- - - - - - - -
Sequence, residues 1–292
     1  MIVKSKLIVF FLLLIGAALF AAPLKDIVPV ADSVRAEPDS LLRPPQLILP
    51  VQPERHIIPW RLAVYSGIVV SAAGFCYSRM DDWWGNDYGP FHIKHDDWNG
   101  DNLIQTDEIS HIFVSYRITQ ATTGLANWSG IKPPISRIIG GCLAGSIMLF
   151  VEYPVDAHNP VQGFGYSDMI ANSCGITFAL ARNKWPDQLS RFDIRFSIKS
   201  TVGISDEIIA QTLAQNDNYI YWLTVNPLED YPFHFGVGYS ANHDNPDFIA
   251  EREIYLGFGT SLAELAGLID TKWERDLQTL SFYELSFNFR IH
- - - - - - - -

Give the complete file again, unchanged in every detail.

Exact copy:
Sequence, residues 1–292
     1  MIVKSKLIVF FLLLIGAALF AAPLKDIVPV ADSVRAEPDS LLRPPQLILP
    51  VQPERHIIPW RLAVYSGIVV SAAGFCYSRM DDWWGNDYGP FHIKHDDWNG
   101  DNLIQTDEIS HIFVSYRITQ ATTGLANWSG IKPPISRIIG GCLAGSIMLF
   151  VEYPVDAHNP VQGFGYSDMI ANSCGITFAL ARNKWPDQLS RFDIRFSIKS
   201  TVGISDEIIA QTLAQNDNYI YWLTVNPLED YPFHFGVGYS ANHDNPDFIA
   251  EREIYLGFGT SLAELAGLID TKWERDLQTL SFYELSFNFR IH